Convert calendar time to local time
#include <time.h> char* ctime( const time_t* timer ); char* ctime_r( const time_t* timer, char* buf );
- A pointer to a time_t object that contains the time that you want to convert to a string.
- (ctime_r() only) A buffer in which ctime_r() can store the resulting string. This buffer must be large enough to hold at least 26 characters.
Use the -l c option to qcc to link against this library. This library is usually included automatically.
The ctime() and ctime_r() functions convert the time pointed to by timer to local time and formats it as a string containing exactly 26 characters in the form:
Tue May 7 10:40:27 2002\n\0
|This function:||Is equivalent to calling:|
|ctime()||asctime( localtime ( timer ) );|
|ctime_r()||asctime_r( localtime ( timer ), buf )|
The ctime() function places the result string in a static buffer that's reused each time you call ctime() or asctime(). Calling gmtime() or localtime() could also change the date in this static buffer.
The result string for ctime_r() is contained in the buffer pointed to by buf.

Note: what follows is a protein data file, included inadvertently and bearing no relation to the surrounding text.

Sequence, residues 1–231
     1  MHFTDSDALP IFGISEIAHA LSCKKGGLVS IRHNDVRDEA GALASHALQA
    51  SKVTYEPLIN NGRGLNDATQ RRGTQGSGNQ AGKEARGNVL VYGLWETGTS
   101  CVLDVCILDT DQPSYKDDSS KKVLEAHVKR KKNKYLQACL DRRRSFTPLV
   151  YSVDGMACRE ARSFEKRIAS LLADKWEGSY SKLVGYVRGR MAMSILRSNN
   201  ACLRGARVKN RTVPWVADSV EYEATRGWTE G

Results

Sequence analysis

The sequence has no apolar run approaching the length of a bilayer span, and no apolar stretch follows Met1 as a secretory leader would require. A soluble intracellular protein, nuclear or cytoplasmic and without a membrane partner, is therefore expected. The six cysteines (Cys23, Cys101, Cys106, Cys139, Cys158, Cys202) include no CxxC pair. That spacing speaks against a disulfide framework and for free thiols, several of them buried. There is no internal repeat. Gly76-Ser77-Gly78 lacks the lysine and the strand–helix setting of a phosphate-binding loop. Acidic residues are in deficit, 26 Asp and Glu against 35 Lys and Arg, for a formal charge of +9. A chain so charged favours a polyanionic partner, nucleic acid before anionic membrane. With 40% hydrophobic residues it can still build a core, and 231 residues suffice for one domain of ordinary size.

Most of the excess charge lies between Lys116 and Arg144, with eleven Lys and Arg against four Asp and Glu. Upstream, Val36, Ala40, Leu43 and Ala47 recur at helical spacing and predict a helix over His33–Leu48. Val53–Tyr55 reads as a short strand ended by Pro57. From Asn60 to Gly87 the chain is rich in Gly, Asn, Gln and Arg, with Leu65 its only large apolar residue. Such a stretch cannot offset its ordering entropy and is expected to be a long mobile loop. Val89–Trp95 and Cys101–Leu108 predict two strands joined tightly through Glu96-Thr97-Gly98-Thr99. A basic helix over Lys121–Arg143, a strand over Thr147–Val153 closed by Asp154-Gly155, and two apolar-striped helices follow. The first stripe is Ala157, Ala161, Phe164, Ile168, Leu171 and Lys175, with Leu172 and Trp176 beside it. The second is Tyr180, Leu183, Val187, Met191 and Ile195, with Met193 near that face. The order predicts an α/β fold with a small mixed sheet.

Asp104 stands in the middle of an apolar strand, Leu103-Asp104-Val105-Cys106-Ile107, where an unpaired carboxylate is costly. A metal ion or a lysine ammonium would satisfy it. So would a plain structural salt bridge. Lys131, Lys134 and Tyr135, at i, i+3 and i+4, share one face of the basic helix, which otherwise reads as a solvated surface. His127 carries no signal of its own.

All fields have a constant width. The newline character '\n' and NUL character '\0' occupy the last two positions of the string.
Whenever the ctime() or ctime_r() functions are called, the tzset() function is also called.
The calendar time is usually obtained by using the time() function. That time is Coordinated Universal Time (UTC) (formerly known as Greenwich Mean Time (GMT)).
You typically set the time on the computer with the date command to reflect Coordinated Universal Time (UTC), and then use the TZ environment variable or _CS_TIMEZONE configuration string to establish the local time zone.
A pointer to the string containing the formatted local time, or NULL if an error occurs.
The asctime() and ctime() functions place their results in a static buffer that's reused for each call to asctime() or ctime().
Last modified: 2014-06-24